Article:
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San Millán Yuso and Suso Monasteries
San Millán Yuso and Suso Monasteries

Today you get to learn something that is rarely blogged about – the origin of Spanish language. Read through this blog and you will get to learn how and where the Spanish language started and later developed to be spoken by more than 500 million people.

Today you get to learn something that is rarely blogged about – the origin of Spanish language. Read through this blog and you will get to learn how and where the Spanish language started and later developed to be spoken by more than 500 million people.

Apparently, the language was born in two monasteries - the San Millan Suso and Yuso. The two monasteries form an important part of the humanity history. The two monasteries had elements of interaction with Mozarabic, Visigothic, Renaissance, Baroque and Medieval styles. All these interactions greatly influenced the history of Spain.

The Suso Monastery

The holy San Millan decided on a site to put up the Suso Monastery in the mid-6th century. The monastery is flanked by Cogolla or Distercios hills. Apparently San millan was to be joined by other eremitic monks that resided within the Cogolla Community.

A small monastery was erected during the saint’s lifetime using the Visigothic style. It would later be enlarged in the 7th century by hall construction up against the caves. The hall was used to receive pilgrims.  The church was again rebuilt in 929 during the rule of Garcia Sanchez of Navarre and Castille in a style known as Mozarabic. It was consecrated in 984 with King Sancho Abarca and his wife Dona Urraca in attendance.

The famous Codex of Aemilianensi 60, the basis of the present day Spanish language, was written in the Suso Scriptorium from late 9th century to early 10th century by one of the monastery’s monks. He added marginal notes in Castilian and Basque languages, and a prayer in Castilian in a bid to clarify the Latin passaged in the text. This became the first known written Spanish.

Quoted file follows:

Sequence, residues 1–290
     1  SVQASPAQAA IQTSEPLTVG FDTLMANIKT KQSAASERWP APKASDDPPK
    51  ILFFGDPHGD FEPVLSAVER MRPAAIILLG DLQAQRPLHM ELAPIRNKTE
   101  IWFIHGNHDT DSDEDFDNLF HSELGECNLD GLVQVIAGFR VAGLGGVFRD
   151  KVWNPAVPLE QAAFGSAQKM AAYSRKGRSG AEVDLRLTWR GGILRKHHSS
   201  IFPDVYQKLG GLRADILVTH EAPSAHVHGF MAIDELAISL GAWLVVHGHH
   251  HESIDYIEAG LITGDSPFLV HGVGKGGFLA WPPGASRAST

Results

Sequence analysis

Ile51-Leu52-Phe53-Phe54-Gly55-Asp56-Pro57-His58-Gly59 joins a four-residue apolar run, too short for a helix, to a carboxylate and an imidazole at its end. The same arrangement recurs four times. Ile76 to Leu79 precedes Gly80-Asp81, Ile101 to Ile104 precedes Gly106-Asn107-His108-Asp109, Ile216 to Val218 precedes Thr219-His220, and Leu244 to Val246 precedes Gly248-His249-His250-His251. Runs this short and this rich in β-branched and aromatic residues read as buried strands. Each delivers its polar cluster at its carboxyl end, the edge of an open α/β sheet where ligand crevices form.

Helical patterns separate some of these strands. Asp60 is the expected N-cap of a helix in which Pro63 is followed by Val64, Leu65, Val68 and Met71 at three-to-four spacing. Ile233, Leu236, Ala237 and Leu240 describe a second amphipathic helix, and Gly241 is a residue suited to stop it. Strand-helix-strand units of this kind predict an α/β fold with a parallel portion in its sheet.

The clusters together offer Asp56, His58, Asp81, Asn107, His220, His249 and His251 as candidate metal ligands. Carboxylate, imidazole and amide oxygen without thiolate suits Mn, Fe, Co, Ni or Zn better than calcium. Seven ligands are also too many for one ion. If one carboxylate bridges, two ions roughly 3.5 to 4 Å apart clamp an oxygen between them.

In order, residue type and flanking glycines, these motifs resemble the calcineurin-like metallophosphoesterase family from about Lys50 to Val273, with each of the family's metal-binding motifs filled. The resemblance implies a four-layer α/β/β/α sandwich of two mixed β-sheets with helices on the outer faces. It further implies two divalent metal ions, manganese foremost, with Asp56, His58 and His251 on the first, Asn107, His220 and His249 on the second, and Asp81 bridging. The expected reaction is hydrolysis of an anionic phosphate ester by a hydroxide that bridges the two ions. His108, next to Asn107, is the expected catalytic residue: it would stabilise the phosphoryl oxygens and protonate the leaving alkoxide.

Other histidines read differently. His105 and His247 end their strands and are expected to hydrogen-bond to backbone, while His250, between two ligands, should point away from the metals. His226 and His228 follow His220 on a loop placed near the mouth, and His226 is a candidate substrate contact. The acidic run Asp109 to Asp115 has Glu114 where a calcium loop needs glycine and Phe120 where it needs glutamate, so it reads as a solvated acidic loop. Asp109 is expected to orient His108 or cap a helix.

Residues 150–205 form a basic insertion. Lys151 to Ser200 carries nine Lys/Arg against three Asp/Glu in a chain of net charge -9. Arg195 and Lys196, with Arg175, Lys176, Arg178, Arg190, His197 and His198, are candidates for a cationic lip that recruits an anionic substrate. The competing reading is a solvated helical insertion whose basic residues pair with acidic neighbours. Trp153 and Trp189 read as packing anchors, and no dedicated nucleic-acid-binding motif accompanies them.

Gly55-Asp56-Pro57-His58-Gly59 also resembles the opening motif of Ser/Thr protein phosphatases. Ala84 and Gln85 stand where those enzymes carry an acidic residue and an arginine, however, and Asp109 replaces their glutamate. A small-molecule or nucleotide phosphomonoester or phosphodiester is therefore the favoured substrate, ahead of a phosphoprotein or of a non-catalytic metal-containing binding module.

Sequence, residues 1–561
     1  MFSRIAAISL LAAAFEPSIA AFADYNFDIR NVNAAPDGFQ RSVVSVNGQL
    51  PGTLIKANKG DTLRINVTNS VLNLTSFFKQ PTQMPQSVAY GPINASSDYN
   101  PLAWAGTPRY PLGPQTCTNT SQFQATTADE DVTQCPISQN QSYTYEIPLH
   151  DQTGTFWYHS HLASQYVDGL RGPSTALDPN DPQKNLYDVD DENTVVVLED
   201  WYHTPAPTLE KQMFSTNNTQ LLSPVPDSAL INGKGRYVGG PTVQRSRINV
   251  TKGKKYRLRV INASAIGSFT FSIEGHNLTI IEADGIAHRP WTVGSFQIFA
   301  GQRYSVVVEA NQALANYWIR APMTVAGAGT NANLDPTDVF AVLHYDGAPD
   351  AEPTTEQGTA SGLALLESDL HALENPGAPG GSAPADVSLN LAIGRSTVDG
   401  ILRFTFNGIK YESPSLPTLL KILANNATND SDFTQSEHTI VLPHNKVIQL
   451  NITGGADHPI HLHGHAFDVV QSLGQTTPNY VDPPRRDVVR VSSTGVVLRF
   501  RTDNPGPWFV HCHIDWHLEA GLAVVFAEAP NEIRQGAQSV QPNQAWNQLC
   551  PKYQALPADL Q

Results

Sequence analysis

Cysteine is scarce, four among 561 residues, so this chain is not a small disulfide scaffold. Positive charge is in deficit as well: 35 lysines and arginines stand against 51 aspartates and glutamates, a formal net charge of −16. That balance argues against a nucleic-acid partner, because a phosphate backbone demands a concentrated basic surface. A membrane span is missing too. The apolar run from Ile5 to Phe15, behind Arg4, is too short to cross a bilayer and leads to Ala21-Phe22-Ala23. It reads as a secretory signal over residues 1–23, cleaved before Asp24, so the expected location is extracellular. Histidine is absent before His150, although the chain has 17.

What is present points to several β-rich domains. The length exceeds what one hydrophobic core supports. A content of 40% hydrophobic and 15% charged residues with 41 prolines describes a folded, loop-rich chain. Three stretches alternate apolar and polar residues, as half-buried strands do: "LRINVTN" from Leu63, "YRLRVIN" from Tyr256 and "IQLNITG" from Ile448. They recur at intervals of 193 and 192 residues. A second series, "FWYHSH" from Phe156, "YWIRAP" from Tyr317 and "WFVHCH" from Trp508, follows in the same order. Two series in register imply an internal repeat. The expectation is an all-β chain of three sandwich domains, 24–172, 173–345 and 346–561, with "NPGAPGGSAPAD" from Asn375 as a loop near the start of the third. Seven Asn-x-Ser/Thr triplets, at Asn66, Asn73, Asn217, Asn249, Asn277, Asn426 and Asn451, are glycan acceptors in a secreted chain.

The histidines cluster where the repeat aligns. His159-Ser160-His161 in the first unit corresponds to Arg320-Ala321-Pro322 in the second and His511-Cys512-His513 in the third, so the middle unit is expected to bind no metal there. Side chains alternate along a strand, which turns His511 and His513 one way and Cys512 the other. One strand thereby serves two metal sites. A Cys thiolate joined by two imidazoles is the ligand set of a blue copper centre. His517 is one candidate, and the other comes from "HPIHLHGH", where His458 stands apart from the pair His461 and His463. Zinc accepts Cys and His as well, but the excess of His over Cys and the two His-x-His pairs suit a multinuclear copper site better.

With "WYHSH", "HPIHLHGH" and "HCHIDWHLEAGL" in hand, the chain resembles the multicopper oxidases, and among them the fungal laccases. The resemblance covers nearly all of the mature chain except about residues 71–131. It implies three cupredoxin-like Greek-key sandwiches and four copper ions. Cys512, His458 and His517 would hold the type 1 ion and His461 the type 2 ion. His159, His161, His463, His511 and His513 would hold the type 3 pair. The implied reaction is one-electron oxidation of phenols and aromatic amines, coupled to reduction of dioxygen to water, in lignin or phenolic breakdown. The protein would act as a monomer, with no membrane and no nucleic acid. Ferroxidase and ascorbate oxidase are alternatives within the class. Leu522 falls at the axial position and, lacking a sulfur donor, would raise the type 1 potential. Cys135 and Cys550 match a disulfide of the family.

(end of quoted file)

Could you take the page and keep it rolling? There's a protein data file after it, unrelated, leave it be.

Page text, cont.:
An 11th century fire gutted down the church, but this would be restored by King Sancho the Great, adding some modifications such as the orientation of the church and chapel building to include the recumbent statue of San Millan.

The Suso Monastery was again built in 1503 under the orders of King Garcia Sanchez of Najera. The new monastery consisted of a series of Hermits’ caves, a church, and an entrance porch. The caves were cut into the slopes of the mountain.

The Yuso Monastery

This is located next to a modern village below the Suso monastery. It consists of a cluster of small cloisters known as Canon’s Cloisters that surround the main cloister that was named after San Millan. To the west of the main cloister there is the Monarch’s Chamber. Other monuments within this establishment include the ornate Abbot's Chamber and a spacious courtyard.

This is a place that should be on top of your bucket list. It is one of the most important linguistics centers in the world.